Out and about · Travel

Venice, Italy

I have three weeks to explore Italy, a country I have longed to visit but, in reality, know nothing about (my knowledge that they make good pizza and pasta wasn’t really going to get me very far). With little to no prep before I went, I anxiously jumped on a plane to my first stop: Venice.

With it’s canals winding through the city like veins, it’s clear why Venice is such a popular city to visit.

I arrived on a foggy afternoon and stumbled my way onto the vaparetto (boat), unsure if I was on the right boat or even going in the right direction. It was then, when I was already slightly overwhelmed by everything that I remembered that I get boat sick and that perhaps choosing a hostel that was only reachable by boat might not have been my best move and maybe travelling wasn’t for me (I may have been a bit tired and emotional – I quickly told myself to man up). I hoped that a new day might make everything a little less difficult and daunting and scary and funnily enough, it did!

In the fresh light of day, I could just about navigate my way from Guidecca to St Mark’s Square. It was there that I realised all my (limited) knowledge about Venice was from the (new) Italian Job film and that wasn’t very helpful. My little to no prep was starting to show me up. I had lots to learn about this city.

St Mark’s square was filled with tourists and after I had a glimpse of the Basilica I tried to get away from all the crowds. I was a bit worried that all the galleries and museums would be filled with all the tourists from St Mark’s square but actually, they were all virtually empty – it seems that the tourists spent their whole trip standing looking at the Basilica (each to their own).

Aside from visiting all the galleries and museums that I finally got around to reading up about, I did a lot of walking on the hunt for interesting places to eat. I knew that staying near the centre was going to be expensive and the food a bit meh, so I went to find the interesting and quirky places that were filled with locals. I used this article from the Guardian website and my lonely planet guide and mostly I came up trumps.

I’ve come up with a list of places that I would recommend visiting:

  • Caffe La Serra – having got on the wrong boat I ended up at the Giardini della Biennale (Venitian gardens) and (somehow missing the gardens entirely) I stumbled across this cafe in a greenhouse. They specialised in interesting teas and, to be honest, that was just what I needed after getting lost. In one big open space they were selling flowers and tea side by side and it worked perfectly.IMG_0027IMG_0019
  • Le Spighe – just around the corner from the cafe on a big open street (very different to the narrow, slightly claustrophobic streets around the centre was this Vegan cafe. It was incredibly basic – the owner/chef makes five dishes a day, which if you decide to eat in, she microwaves on a paper plate. This didn’t matter in the slightest because you knew the food would be delicious and healthy. I got the impression that it was a place the locals visited regularly to grab a take away lunch. If you want interesting home cooking this is the place to go.IMG_0036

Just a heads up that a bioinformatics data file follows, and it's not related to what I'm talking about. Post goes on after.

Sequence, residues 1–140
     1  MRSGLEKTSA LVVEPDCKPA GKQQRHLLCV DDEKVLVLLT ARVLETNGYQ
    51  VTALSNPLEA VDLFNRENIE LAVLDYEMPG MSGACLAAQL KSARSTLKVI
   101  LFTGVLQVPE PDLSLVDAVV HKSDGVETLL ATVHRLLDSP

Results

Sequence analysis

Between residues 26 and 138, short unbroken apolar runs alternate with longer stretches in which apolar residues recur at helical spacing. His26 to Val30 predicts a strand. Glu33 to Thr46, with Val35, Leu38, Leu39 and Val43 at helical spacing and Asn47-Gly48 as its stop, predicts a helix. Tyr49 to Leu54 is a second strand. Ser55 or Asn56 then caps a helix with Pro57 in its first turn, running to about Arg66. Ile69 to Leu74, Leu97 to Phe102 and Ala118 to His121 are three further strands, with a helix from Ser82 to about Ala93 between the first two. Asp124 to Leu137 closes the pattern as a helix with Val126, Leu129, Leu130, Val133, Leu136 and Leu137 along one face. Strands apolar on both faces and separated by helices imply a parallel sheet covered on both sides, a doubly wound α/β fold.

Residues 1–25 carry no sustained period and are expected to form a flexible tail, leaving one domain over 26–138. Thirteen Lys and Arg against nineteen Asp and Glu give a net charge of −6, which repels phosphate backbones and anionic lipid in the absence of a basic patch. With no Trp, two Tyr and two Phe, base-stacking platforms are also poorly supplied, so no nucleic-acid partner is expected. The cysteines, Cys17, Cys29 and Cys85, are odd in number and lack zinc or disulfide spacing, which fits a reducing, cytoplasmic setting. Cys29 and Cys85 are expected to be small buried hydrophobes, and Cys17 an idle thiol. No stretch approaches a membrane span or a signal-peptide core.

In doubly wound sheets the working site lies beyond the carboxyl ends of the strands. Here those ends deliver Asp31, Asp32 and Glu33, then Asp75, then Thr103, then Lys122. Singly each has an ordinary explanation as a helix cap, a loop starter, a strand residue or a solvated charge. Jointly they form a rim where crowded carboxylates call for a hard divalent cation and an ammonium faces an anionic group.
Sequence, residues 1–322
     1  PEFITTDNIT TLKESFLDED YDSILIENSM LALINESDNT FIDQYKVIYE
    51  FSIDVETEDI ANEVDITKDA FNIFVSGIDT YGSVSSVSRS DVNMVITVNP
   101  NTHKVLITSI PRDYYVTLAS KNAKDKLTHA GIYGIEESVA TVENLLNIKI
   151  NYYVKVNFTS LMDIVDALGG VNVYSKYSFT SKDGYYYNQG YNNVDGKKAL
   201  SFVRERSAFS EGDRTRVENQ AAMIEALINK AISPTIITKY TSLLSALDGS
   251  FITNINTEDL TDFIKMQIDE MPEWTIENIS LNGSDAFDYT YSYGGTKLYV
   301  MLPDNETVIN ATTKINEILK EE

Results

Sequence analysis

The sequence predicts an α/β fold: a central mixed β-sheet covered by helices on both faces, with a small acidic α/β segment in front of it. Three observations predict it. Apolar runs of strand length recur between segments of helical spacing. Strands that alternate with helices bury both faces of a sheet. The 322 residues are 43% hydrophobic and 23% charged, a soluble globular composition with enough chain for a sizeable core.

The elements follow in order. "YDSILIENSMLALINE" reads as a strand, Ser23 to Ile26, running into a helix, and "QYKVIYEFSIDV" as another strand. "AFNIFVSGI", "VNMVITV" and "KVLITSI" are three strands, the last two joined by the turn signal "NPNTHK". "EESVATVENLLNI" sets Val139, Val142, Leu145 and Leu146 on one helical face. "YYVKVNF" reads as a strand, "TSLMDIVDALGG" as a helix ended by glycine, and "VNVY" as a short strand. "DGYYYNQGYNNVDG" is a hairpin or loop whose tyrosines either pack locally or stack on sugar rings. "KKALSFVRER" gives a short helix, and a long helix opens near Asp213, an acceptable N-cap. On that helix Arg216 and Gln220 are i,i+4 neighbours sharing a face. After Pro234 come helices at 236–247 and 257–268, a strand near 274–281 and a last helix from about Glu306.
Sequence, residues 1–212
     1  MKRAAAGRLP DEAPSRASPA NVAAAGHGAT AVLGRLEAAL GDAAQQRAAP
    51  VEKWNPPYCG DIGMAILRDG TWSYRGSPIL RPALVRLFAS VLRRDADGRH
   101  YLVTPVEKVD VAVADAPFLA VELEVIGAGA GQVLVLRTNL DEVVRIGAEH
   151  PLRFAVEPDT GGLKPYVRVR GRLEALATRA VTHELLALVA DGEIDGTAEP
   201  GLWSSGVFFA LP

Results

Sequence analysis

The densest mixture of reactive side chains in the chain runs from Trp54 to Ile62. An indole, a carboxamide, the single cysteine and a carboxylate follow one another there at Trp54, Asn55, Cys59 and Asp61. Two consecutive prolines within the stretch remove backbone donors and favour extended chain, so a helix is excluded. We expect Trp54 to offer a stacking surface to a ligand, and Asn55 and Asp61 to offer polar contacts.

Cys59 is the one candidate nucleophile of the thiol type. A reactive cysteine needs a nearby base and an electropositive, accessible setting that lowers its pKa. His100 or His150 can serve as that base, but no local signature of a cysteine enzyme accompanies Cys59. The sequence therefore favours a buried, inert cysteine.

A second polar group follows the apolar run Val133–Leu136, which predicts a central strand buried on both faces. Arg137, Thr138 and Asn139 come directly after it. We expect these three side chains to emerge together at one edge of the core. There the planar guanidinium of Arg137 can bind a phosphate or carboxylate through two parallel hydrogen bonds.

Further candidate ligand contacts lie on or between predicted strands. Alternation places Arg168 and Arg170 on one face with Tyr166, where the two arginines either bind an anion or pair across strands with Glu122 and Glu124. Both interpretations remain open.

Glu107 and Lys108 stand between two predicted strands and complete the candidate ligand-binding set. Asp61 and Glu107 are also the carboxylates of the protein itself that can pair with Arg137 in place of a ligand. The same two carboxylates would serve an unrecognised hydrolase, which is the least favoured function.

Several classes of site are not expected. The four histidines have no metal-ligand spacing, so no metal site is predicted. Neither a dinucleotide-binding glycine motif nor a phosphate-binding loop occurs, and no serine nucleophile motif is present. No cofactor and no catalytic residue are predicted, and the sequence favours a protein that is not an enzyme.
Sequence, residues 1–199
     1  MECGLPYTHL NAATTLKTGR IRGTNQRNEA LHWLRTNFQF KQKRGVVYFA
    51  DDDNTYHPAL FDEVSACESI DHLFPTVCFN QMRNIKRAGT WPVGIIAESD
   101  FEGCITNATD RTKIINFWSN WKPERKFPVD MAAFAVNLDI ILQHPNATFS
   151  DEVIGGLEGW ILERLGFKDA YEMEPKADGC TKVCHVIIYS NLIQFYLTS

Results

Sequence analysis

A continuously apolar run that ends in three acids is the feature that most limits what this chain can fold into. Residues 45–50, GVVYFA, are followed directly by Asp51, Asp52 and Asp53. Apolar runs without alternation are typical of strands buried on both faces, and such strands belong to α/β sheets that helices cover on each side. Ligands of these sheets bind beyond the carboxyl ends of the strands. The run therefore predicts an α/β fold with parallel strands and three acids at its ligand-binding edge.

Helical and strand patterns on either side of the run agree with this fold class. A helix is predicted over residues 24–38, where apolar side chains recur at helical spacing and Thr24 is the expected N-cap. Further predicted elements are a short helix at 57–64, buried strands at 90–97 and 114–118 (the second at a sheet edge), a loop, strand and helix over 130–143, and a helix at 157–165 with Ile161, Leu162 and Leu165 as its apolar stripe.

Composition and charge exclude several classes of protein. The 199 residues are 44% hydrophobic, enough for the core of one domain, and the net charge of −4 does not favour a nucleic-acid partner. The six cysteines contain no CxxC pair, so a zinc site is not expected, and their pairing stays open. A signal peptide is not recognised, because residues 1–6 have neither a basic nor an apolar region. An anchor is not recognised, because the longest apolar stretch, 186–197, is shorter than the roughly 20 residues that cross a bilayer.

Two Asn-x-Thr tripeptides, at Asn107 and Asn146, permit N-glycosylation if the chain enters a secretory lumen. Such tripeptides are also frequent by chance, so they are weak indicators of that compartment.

• Ostaria Dai Zemei – Venice is filled with these cute little tapas bars down little side streets. This is the one that I found but I’m sure they are all good. A glass of wine costs €1.50 as does one cichetti (tapas) so it’s a great place to grab a bite for lunch. The one I was in was filled with locals and if I could understand them I was sure I would overhear some juicy gossip!IMG_0057
  • Caffe Florian – located in St Mark’s square this is supposedly the oldest cafe in Venice and the world. It also happens to be the most expensive! I decided to treat myself to a Carnivalle breakfast and although way over my breakfact budget it was a really special place to eat.IMG_6214IMG_6211
  • Harry’s Bar – an equally expensive haunt was this bar just off St Mark’s square. The reason for the price tag here is for the former guests, from Ernest Hemingway to Alfred Hitchcock, that used to frequent it. I did get a lot of ‘free’ olives that I managed to polish off so my €10 prosecco was worth it (it wasn’t).IMG_6279
  • The cafeteria at Palazzo Franchetti – a buffet is laid out in this big open room next door to the Palazzo Franchetti. There were around 20 different dishes and for just €15 you could go back as many times as you like so it was great value for money. Everything I tried tasted delicious.IMG_6246
  • Ai Cacciatori – round the corner from my hostel on Guidecca was this local restaurant. Filled with locals who all seemed to know one another, excellent food and friendly waiters, this was by far my favourite place to eat (nothing to do with the complimenary limoncello they gave me at the end of the meal!)IMG_6288IMG_6284IMG_6287

 

And finally:

My top tip – Always look up. Especially in the Churches – they are all so ornate and beautifully decorated they could be easily missed.

Where I stayed – The Generator Hostel, Guidecca. As far as hostels go, I think this one was pretty good. It was very clean and quiet and the beds were comfy enough. The only downside is that you are not on the main island but it’s only two stops away on the Vaparetto so it’s not a deal breaker.

Some more photos –IMG_6234IMG_6251IMG_6293IMG_6228IMG_6203

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